Melissa then gives her talk on The Taming of the Shrew. She reads the play from a liberal humanist point of view, and finds little ideological influence. This upsets Angela, who retaliates with a strong argument that Shakespeare wrote ideologically and from the perspective of the patriarchy (I, page 28). A debate arises between the two, who clearly represent opposing ideologies. It concludes with Melissa s submission: I am obviously a hopeless victim of the patriarchal construction of womanhood. I m sorry. Shoot me (I, page 33). The audience is positioned to feel sympathy for Melissa and to accept that it is human nature that makes her attracted to Petruchio.

Later in the play, Shakespeare s King Lear is used by the playwright himself to show Angela that there is such a thing as human nature. The excerpt is taken from the scene where Lear discovers that his daughter, Cordelia, is dead. He mourns her death, crying in agony, Thou lt come no / more, / Never, never, never, never, never! (II, page 83). Shakespeare asks Angela, Did King Lear need an ideology to construct his grief? This powerful and disturbing extract is effective in changing the audience s views on each ideology.

In Act Two, Angela is given the task of interviewing members of her family to reveal how they feel about patriarchy and feminism. This provides us with further representations of liberal humanism and post-structuralism. Angela begins by interviewing her grandfather, Col Judd, who has been developed as a sexist, racist, liberal humanist. Col believes that there is a definite human nature, because it is up to men to fight the wars and earn the money. However, the audience then discovers that Col is actually a kind, generous, loyal man. He has suffered immensely during his lifetime. We are made to feel sorry for Col, whose life has been ruined by feminists. Angela also interviews her mother and father, Sarah and Martin. During these scenes it is revealed that Sarah is a feminist, Martin is an anti-feminist, and they both blame each other for their depressing state. Their conversations are suffused with their respective ideological thoughts, influencing the audience s views on each. We are meant to feel greater sympathy towards Martin than Sarah, as he is the weaker person. The play continues its move towards the triumph of liberal humanism.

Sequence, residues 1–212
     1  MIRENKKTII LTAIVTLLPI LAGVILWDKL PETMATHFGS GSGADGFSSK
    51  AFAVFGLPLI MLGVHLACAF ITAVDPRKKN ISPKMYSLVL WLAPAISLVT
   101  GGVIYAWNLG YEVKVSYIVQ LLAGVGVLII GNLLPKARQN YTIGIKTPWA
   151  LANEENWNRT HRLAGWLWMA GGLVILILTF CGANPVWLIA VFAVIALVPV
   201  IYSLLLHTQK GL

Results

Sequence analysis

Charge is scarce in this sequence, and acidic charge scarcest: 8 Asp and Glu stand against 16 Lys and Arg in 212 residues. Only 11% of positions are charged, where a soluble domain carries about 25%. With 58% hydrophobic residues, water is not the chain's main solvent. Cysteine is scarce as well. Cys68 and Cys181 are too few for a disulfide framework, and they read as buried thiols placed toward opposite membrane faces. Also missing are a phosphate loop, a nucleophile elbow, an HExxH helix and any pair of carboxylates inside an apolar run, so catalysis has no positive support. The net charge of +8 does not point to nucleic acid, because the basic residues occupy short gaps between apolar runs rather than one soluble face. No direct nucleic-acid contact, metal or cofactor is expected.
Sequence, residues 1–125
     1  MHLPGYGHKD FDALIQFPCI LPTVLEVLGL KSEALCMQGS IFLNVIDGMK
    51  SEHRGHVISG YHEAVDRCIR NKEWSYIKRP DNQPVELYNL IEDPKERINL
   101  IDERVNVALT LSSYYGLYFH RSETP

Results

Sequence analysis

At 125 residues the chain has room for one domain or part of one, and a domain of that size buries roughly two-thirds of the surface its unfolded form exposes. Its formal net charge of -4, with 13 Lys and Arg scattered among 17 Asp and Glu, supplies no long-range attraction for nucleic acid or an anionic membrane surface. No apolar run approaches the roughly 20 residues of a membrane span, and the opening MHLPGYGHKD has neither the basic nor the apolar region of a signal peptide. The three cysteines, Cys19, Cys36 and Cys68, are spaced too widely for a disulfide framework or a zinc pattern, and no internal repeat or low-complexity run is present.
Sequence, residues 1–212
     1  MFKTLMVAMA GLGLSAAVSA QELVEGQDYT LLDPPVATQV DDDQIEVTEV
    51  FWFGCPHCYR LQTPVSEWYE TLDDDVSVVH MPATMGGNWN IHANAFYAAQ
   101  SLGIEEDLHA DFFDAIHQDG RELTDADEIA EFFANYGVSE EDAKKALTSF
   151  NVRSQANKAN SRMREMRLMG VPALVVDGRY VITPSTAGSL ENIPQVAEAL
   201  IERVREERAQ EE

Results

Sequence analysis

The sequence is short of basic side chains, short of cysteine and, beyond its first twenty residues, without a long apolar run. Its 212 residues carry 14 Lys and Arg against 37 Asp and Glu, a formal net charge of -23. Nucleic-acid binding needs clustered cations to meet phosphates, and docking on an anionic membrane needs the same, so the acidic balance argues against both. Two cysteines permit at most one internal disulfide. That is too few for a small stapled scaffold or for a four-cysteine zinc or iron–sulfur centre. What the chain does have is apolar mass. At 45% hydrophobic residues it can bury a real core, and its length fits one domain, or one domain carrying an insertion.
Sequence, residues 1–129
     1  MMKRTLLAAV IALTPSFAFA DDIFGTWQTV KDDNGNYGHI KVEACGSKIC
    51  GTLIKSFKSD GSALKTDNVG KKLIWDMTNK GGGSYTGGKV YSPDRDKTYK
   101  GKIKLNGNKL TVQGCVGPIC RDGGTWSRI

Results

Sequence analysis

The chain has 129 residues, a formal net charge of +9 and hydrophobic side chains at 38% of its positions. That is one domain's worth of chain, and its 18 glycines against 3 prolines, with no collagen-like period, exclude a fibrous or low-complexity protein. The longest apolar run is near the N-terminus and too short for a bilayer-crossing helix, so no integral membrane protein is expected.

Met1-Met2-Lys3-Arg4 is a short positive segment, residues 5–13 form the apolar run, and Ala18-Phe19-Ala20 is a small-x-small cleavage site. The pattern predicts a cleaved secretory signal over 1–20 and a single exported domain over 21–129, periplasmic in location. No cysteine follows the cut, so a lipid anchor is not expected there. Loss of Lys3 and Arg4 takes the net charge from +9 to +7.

In the end, the audience is positioned to prefer liberal humanism to post-structuralism. Swain, the supposed feminist, is revealed to be a hypocrite. He himself takes advantage of Melissa, blames his disaster marriage on his wife, and quotes from Hamlet, Frailty, thy name is woman! (II, page 93). From here on, Swain and his post-structuralist thoughts crumble. He is finally defeated when told to go Foucault himself and is shot by himself in the foot. In the final scene we are given a very patriarchal liberal humanist conclusion. Steve quits university to become a mechanic, Angela and Steve fall in love, and the two walk off stage hand in hand. This ending is almost a re-enactment of a Shakespearean romance, and hence, reinforces the victory of liberal humanism.

David Williamson utilises many techniques in his play Dead White Males to represent the two opposing ideologies of liberal humanism and post-structuralism. The central ideas are communicated to the audience through the main characters, William Shakespeare and Dr Grant Swain. Shakespeare, the liberal humanist, considers people s behaviour as guided by human nature, while Swain, being the post-structuralist, sees society as being controlled by many constraining ideologies. On several occasions intertextual meanings are constructed using Shakespeare s plays, which position the audience to prefer one ideology above the other. Liberal humanism is favoured in the end. Swain is unsuccessful in his attempts to win his students support, and Angela and Steve close the play as a real-life Rosalind and Orlando.